At-home hair colouring tips: Experts tell you everything you need to know

Colouring your hair can be a big undertaking—it costs a lot of money, takes a large chunk of time and requires maintenance. But does that mean you have to make do with a less-than-perfect mane till your bank account allows it? Not really. Not if you’re willing to put in the work yourself, that is. While it is advisable to consult an expert before changing your hair colour, some find the comfort of doing it in their own bathrooms much more appealing. “At our salons, we have a lot of clients that do not always have the time to come in and get their colour done,” reveals Mumbai-based hairstylist Savio John Pereira. “We normally educate them on the best way to colour their hair at home to get the best results,” he says. We spoke to Pereira and and Sonali Bhimani, style director, Jean-Claude Biguine, about their top tips for those who are looking to change their hair colour by themselves at home.

1) If you’re making a big change, go to the salon

“There’s much more to hair colour than simply running it through your hair,” cautions Bhimani. A hairstylist usually assesses a whole host of conditions before painting on the colour. “First and foremost, the health of the scalp and hair is to be evaluated. What you see on the shade card is not always what you achieve. Factors like natural base, level of lift, strength of peroxide, percentage of greys, previous colour (if any) and porosity of hair are to be taken into consideration,” explains Bhimani. “Be wary of colouring already coloured hair, especially if you have streaks or ombre, or more than two tones already present in the hair,” she warns. If you’re going more than two or three shades darker or lighter, you’ll want to leave it to a professional.

2) Choose the right hair colour

At-home hair dyes usually have a shade guide on the box that you can match to your natural hair colour. The number tells you how dark the pigment will be. Hair dye is described on a scale from 1 (black) to 12 (platinum blonde), so the lower the number, the deeper the shade.  If you’re a neophyte, Pereira suggests consulting with a professional to double check if your chosen colour will work for you. “For example, if you need to cover greys, a base colour with a certain colour reflect will not give you 100 per cent grey coverage if the reflect colour is more than the base colour. Plus, it will make the hair translucent,” he explains. Stylists suggest finding a box with your exact shade match, and then picking a box two shades to the left or right for best results. They also always suggest buying an extra box—you don’t want to have half your hair coloured, only to then realise that you don’t have enough to complete the job.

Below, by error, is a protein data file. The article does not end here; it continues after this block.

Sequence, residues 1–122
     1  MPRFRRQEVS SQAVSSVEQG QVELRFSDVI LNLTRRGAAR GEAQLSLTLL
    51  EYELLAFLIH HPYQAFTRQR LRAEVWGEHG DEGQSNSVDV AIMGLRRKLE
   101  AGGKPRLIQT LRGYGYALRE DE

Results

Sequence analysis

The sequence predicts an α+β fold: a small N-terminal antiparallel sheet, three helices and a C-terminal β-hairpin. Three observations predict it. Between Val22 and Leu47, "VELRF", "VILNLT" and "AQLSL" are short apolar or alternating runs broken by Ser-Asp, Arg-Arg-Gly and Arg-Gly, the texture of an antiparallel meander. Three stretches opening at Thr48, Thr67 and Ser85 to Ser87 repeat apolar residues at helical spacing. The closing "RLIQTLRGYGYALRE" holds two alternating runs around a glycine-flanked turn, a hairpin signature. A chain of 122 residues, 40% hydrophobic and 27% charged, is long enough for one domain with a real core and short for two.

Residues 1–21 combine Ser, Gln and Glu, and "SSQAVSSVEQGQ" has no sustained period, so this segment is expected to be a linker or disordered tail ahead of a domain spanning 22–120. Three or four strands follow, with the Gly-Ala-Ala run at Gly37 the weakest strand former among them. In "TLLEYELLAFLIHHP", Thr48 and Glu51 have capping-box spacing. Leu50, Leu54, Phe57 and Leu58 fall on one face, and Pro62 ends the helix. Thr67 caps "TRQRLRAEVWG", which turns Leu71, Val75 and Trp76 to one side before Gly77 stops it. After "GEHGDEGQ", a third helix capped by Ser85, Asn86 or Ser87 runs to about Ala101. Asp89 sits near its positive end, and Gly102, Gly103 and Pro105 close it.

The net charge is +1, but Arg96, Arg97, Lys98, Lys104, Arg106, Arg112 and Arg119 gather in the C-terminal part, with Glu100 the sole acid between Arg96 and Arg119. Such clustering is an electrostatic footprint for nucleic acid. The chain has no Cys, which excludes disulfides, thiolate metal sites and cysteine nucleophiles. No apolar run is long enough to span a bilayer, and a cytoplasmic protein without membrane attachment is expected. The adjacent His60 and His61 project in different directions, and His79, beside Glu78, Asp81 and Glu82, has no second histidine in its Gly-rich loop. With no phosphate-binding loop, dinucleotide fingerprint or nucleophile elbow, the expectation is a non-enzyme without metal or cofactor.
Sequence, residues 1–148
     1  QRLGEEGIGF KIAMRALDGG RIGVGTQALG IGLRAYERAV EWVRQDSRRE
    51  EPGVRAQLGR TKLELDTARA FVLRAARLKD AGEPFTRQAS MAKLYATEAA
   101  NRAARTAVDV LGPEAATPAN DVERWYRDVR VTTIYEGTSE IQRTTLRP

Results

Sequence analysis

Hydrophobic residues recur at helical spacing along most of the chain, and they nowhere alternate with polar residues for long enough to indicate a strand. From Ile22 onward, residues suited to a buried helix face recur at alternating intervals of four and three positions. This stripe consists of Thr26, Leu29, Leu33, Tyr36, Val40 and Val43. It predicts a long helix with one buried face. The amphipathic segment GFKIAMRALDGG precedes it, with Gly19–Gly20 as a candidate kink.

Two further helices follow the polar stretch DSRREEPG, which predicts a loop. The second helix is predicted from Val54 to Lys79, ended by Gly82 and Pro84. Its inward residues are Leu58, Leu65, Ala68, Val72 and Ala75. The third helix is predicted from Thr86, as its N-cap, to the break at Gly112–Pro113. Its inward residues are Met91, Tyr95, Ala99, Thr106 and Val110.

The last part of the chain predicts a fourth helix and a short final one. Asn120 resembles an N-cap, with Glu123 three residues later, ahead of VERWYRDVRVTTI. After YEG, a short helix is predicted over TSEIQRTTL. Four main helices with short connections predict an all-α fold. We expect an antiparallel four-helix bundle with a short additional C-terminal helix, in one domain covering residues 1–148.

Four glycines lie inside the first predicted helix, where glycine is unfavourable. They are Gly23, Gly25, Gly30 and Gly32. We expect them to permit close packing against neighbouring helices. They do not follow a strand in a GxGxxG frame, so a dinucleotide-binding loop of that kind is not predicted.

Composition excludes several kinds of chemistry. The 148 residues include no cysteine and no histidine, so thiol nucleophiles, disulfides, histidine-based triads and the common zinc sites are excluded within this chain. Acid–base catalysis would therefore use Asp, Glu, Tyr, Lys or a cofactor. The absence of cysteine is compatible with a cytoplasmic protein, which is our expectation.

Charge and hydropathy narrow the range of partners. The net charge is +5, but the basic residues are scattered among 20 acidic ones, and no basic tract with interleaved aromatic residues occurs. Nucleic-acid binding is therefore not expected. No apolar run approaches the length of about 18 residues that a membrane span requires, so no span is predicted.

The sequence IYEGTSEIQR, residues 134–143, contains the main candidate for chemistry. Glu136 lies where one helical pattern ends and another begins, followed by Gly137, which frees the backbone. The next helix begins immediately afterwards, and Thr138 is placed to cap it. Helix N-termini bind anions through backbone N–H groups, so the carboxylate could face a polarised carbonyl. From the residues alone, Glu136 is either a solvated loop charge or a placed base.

3) Use all the precautions you can

The most important thing to do before you colour is to make sure you’re not allergic to any of the ingredients in your hair colour, like ammonia. And the easiest way to do that is with a skin sensitivity test. “Apply a tiny amount of the hair colour behind your earlobes, between your neck and on your ear. You can apply 1ml or even lesser than that, and keep it for 24 hours to rule out an allergy,” says Pereira. Doing a strand test can ensure you know exactly how the colour will react. Colour a couple of strands of hidden or trimmed hair before you commit, to eliminate the possibility of your hair turning orange (it can happen!) or looking too brassy.

4) Prep hair for success

Most stylists suggest that you don’t wash your hair for at least three days before you colour it—the natural oils will help protect the scalp from chemicals in the dye. Brushing the hair out and ensuring that there are no knots or tangles will maintain an even coverage as well. Pereira also claims that applying Vaseline to the neckline and ear lobes will reduce the chances of staining skin. After the timer dings, washing your hair with a colour protecting shampoo and then deep-conditioning it is very important.

5) Follow all the instructions on the hair colour box

All brands and colours will have their own set of dos and don’ts, so read the fine print on the box very carefully. After you mix up your dye (likely a balance of colour and developer), use a pair of gloves and brush to start applying it to your roots. Colouring in sections (five or six sections separated by clips) can ensure a fuller, more even layering. Start by applying the dye slightly below the scalp level and work towards the ends. Applying dye to the back sections and moving to the front generally works best.

This article first appeared in Vogue


  • Aparrna Gupta

    Transitioning from crafting stories for The Asian Age and Bombay Times to setting beauty trends in Verve, Aparrna Gupta’s journey has always revolved around resonant storytelling. Her prowess in content creation is unparalleled, with articles featured in renowned publications like Vogue, Harper’s Bazaar, L’Officiel India, Lifestyle Asia, Elle, and Femina. She also excels in content ideation, trend identification, mood board creation, and product styling. Her expertise has proven invaluable to homegrown brands, enabling them to authentically connect with their audience.

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